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Give the dog a Plone

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  1. Give the dog a Plone Dominic Hiles Kieren Pitts

  2. Introduction • Who are we? • What is Plone? • Implementing the Plone CMS • Plone pitfalls • Summary

  3. ILRT • Unique combination of projects, services and research with national and international reputation • 75-80 Staff • Semantic Web – RDF, XML, RSS and more • Elearning – Biz/ed, LTSN, LTSS • Digital Images – TASi, Biomed • Digital Libraries Portals – SOSIG, Regard, Subject Portals • Internet Development (ID)

  4. Who are we? • Dominic Hiles • Web developer • Background in information systems design • Kieren Pitts • Senior Technical Researcher • Web development • Previously a research biologist

  5. Internet Development (ID) group • 10+ staff: usability engineers, designers, developers (plus other ILRT staff) • Consultancy unit – academic and public sectors • Web sites, eLearning tools, car-share software, survey software, content management systems • Usability reviews, testing, technical reviews

  6. University of Bristol (40-50%) 48 Universities using CROS 5 Universities using BOS Bristol City Council, Temple Quay companies, NHS, Ford UK, Oxford Universities, Swansea (234car) University of Southampton (BOPCRIS) HESDA HEFCE – Good Management Practice UCISA SCONUL Church of England Institute for Fiscal Studies Environment Agency INASP JISC Assist Children’s Society West Yorkshire Archive Service National Maritime Museum CILIP, BIOME, BECTA, DLTR, LTSN centres and more… Clients (2002-04)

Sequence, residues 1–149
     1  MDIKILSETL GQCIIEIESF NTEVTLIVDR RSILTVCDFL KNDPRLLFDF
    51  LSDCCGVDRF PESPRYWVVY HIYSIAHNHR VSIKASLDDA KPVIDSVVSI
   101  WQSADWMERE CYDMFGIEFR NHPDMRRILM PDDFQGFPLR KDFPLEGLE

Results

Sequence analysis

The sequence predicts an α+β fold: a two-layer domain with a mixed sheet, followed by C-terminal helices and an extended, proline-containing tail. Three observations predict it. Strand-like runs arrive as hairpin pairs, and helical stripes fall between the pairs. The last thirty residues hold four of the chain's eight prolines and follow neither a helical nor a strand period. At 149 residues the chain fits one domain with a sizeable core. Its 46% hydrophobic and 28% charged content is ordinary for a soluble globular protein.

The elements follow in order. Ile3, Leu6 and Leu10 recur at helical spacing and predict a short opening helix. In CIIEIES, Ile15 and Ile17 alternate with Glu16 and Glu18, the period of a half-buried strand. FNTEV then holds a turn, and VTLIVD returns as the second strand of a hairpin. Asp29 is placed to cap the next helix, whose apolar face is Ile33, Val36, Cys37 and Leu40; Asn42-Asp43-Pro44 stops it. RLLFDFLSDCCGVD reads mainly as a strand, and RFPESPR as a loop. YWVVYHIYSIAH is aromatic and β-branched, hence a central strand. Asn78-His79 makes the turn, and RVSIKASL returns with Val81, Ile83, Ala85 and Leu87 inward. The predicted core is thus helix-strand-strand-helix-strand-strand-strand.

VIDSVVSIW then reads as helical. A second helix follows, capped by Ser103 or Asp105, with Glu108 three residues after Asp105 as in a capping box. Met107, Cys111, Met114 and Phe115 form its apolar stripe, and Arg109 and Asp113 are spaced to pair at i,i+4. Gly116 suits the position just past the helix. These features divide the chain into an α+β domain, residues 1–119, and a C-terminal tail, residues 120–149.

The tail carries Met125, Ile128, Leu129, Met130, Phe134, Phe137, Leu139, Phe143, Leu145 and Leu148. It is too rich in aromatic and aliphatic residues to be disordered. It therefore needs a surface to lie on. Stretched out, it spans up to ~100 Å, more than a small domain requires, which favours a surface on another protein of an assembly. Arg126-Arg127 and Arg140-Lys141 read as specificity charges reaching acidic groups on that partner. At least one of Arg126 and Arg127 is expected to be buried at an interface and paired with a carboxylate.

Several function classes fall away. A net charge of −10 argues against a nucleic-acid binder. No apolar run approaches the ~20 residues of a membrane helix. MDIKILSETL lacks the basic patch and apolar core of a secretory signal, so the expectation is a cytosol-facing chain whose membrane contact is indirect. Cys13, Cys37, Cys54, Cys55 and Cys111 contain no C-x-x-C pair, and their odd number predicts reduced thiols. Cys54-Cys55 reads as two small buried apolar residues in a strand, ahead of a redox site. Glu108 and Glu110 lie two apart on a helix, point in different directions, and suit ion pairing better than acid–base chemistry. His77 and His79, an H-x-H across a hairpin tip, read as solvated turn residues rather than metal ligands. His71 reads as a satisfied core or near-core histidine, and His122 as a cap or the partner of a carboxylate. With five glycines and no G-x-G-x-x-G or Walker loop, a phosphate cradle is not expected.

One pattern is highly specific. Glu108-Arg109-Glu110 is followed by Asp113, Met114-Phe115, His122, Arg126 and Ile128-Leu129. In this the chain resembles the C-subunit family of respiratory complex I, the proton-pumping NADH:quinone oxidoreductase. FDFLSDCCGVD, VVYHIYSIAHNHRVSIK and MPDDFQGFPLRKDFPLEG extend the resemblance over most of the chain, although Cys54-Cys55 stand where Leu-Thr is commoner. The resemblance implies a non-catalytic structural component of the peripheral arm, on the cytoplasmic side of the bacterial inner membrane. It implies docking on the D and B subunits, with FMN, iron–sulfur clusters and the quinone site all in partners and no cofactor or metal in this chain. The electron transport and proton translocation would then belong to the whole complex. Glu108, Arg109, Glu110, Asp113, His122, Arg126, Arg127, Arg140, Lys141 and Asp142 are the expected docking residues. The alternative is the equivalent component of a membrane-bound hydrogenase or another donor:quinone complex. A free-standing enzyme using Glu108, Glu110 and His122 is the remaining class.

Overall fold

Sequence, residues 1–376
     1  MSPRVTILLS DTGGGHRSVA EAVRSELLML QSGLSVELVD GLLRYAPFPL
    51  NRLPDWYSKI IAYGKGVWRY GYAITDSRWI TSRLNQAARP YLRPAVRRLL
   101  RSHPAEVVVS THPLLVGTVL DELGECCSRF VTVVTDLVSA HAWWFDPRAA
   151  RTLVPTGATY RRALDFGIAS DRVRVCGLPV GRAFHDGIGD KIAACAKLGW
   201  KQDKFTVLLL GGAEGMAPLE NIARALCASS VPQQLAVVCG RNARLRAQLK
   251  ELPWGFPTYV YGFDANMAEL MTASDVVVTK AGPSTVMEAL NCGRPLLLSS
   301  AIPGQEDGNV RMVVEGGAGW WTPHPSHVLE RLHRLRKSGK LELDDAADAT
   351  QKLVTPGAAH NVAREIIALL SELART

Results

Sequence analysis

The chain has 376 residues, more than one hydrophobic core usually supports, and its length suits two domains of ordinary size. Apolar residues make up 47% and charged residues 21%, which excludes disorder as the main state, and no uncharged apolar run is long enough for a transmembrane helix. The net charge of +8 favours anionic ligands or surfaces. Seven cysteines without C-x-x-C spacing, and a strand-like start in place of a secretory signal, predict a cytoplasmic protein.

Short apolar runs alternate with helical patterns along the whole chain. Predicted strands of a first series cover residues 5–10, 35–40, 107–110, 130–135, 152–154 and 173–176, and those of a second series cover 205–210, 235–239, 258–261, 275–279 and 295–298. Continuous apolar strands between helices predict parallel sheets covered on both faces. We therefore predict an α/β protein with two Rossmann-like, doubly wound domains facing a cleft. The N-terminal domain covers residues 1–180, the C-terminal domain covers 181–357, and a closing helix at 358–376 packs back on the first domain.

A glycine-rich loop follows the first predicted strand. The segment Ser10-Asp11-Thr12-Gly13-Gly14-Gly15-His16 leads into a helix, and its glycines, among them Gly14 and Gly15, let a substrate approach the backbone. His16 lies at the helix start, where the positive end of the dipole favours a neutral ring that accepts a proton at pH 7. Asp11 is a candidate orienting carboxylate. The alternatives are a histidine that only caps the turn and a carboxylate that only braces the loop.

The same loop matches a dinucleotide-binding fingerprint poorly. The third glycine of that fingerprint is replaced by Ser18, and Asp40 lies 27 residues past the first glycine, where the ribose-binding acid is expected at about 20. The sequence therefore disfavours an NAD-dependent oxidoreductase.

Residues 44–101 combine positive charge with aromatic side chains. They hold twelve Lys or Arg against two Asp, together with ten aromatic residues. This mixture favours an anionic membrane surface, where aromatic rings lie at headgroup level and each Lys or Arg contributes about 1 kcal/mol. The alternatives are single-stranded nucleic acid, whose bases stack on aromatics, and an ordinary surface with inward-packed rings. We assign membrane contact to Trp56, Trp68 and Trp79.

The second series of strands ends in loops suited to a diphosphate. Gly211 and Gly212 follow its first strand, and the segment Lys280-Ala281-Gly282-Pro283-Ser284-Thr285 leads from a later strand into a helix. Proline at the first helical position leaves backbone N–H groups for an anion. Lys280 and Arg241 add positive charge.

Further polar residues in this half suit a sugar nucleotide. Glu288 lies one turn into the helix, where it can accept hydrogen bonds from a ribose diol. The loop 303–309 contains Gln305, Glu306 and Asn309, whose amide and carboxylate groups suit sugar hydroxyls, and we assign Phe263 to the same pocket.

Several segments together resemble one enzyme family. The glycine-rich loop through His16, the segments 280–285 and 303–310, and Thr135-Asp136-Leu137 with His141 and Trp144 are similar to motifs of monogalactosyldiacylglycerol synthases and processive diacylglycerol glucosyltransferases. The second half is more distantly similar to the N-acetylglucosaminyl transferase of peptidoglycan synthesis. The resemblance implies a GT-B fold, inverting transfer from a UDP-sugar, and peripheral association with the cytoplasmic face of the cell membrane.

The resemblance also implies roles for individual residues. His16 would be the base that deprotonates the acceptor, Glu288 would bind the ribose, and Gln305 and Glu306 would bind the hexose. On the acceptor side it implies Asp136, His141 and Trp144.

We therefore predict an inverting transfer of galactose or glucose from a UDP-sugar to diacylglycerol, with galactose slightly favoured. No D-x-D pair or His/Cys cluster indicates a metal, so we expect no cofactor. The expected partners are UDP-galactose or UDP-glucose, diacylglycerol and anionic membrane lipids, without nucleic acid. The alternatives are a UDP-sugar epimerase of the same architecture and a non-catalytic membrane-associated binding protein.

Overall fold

7. What is Plone? • A Content Management System (CMS) • Version 2 released Easter 2004 • Built on Zope… • An open-source Web application server • Written in Python (also used in Google!) • …and CMF • Content Management Framework • Arguably, a "bare bones" CMS implementation

  8. The Plone Environment Optional Web server (e.g. Apache) Web application Plone CMF Zope

  9. Open source TTW management XHTML Extensible workflow system Accessible GUI Search engine WYSIWYG or external XHTML editing Effective and expiration dates for content Pluggable user management External RDBMS Connectivity Automated RSS feeds Platform independent Plone features

  10. Why Plone? • Open Source • Free! • Feature rich - good fit with user requirements • Experience with Zope • Platform independent

  11. The Projects • LTSN BEST • Business Education Support Team is the Business, Management and Accountancy subject centre of the Higher Education Academy • A "new" site • Church of England • Migrating an existing site • 2000 static HTML pages • 350 images, 450 "text" files • 4 ASP Web applications, serving data from around 20,000 database records, held in 4 different databases

  12. Real World Plone

  13. Skins • Fundamental Plone concept • Separate views on the same content • Advantages • Avoids compromising site design for site administration ("My Plone") • Usable, accessible (WAI AA) administrative interface already written and extensively researched/tested => reduced total cost of ownership • Allows developer to customise different aspects of functionality separately